Regardless of whether Walker has answered the media’s often-boneheaded questions – which have also embarrassingly included “Would you attend a gay wedding?” – as adeptly as they’d like, one thing’s for sure: If no one’s counting Trump out because of the things he’s said, it seems pretty unfair to count out Scott Walker.
For their part, Team Walker is pushing ahead. And they think they have a few big things going for them.
For one, they like Walker’s numbers, in particular two sets of them: his favorables and his unknowns, both of which are high.
In the Des Moines Register poll he’s one of only two candidates to have favorables above 70, and, polls show there are large numbers of voters who aren’t familiar with Walker.
“We see that as an opportunity,” an aide told me, “to introduce Walker to voters and know that when we do, they like what they see and hear.”
They are drowning out the beltway noise and insist that what they hear on the campaign trail, from actual voters, sounds nothing like what you might hear on “Morning Joe” or read in Politico.
“The response we get at grassroots events is terrific.”.”
Though he’s not packing stadiums like Trump, the Walker campaign believes Trumpmania isn’t sustainable.
“Regardless of the noise and shiny objects, we’re going to plug and play, work hard, put our heads down, and tell the American people what we stand for and what we’ve done.”
Which, incidentally, is what many other candidates, including Marco Rubio, are doing as well.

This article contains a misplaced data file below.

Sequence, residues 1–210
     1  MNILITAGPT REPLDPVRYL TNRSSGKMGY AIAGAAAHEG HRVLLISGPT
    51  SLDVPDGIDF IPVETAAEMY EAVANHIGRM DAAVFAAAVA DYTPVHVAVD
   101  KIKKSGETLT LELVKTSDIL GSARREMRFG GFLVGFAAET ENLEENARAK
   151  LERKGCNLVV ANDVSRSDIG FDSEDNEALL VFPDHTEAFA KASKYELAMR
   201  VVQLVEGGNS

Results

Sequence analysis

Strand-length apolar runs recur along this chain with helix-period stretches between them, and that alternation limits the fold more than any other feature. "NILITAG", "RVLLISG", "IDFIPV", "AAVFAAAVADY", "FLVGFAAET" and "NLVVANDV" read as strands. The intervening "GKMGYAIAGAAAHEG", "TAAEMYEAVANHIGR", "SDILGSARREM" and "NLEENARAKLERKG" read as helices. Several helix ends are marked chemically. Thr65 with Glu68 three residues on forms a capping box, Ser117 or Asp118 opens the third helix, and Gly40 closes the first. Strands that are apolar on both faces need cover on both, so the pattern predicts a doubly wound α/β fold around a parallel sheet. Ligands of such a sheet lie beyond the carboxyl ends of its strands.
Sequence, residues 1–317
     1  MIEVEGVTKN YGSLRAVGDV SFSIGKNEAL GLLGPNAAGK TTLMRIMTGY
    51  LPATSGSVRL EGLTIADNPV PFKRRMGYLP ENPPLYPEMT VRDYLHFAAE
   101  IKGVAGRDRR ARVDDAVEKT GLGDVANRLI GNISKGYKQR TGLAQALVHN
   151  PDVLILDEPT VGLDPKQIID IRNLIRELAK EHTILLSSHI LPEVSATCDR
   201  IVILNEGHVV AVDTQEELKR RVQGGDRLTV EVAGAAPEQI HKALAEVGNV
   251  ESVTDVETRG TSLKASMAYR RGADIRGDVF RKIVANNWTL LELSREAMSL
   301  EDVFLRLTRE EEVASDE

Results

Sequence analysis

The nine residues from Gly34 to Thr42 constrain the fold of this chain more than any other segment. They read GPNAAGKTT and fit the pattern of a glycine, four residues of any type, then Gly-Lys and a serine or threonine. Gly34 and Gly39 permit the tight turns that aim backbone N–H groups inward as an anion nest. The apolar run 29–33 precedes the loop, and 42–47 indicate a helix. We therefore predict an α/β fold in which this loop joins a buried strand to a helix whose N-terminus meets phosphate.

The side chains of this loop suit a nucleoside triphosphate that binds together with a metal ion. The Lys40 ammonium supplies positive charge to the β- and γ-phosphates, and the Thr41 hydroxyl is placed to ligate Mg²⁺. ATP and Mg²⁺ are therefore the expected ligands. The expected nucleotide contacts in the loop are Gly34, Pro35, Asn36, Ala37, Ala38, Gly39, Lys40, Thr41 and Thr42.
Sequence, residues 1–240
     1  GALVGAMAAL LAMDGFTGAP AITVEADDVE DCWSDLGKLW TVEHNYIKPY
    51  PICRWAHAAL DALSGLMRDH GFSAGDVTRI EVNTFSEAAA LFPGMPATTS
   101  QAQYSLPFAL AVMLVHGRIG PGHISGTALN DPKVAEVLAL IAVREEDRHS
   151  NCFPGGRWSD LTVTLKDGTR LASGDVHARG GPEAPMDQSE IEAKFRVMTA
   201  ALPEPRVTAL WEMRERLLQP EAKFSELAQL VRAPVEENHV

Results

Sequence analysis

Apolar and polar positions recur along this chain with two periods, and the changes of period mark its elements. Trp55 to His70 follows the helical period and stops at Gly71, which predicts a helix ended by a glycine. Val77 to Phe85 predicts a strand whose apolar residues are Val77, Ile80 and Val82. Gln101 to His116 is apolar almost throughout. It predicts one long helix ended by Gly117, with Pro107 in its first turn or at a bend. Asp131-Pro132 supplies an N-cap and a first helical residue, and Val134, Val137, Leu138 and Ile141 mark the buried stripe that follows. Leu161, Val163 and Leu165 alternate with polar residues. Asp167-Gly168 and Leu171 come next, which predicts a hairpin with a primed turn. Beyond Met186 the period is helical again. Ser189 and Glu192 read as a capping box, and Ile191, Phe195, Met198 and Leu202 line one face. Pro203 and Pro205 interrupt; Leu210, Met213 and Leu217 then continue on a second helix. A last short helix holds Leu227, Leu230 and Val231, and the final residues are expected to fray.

The Walker camp is also quick to tamp down expectations, which they say they never raised in the first place.
“We never thought it was sustainable to stay at 30% in Iowa for 15 months. We always knew things would move around.”
Walker’s is tied for third in the Des Moines Register poll behind Trump and Carson, and only 15% of Iowa caucus goers say they’ve definitely decided who they will vote for.
Now, there is an argument to be made that despite all this reassuring news and confident campaign talk, Walker is still at least fighting the perception that he’s deflating, and if politics is perception, he has an uphill battle.
If he allows the media to define him – as a lost cause, as a Trump-wannabe, as not ready for primetime – it will be very hard to rewrite those storylines.
But Walker aides say they are sanguine, especially with recent history in the rearview mirror. “Walker’s been counted out many times before. He won three elections in four years. He weathers storms, that’s just what he does.”
Only time will tell if Walker’s long-game strategy will work. But for now he is keeping calm and carrying on. Good advice for all of us.